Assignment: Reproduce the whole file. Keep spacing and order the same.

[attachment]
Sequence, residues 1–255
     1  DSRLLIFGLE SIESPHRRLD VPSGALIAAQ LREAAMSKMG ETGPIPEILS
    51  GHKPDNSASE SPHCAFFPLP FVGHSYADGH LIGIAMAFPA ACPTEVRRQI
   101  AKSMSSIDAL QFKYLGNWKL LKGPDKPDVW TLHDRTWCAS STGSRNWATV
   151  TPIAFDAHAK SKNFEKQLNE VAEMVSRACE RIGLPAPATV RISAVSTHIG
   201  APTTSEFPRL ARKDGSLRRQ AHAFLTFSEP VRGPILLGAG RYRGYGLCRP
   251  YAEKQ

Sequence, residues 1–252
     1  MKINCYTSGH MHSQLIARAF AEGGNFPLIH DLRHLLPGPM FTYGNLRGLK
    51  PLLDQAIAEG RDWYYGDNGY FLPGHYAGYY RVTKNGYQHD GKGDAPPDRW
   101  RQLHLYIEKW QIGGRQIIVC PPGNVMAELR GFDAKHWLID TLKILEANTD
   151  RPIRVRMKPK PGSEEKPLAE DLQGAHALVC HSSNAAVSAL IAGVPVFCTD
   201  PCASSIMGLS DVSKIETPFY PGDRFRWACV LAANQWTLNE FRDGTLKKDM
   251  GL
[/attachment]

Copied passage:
Sequence, residues 1–255
     1  DSRLLIFGLE SIESPHRRLD VPSGALIAAQ LREAAMSKMG ETGPIPEILS
    51  GHKPDNSASE SPHCAFFPLP FVGHSYADGH LIGIAMAFPA ACPTEVRRQI
   101  AKSMSSIDAL QFKYLGNWKL LKGPDKPDVW TLHDRTWCAS STGSRNWATV
   151  TPIAFDAHAK SKNFEKQLNE VAEMVSRACE RIGLPAPATV RISAVSTHIG
   201  APTTSEFPRL ARKDGSLRRQ AHAFLTFSEP VRGPILLGAG RYRGYGLCRP
   251  YAEKQ

Sequence, residues 1–252
     1  MKINCYTSGH MHSQLIARAF AEGGNFPLIH DLRHLLPGPM FTYGNLRGLK
    51  PLLDQAIAEG RDWYYGDNGY FLPGHYAGYY RVTKNGYQHD GKGDAPPDRW
   101  RQLHLYIEKW QIGGRQIIVC PPGNVMAELR GFDAKHWLID TLKILEANTD
   151  RPIRVRMKPK PGSEEKPLAE DLQGAHALVC HSSNAAVSAL IAGVPVFCTD
   201  PCASSIMGLS DVSKIETPFY PGDRFRWACV LAANQWTLNE FRDGTLKKDM
   251  GL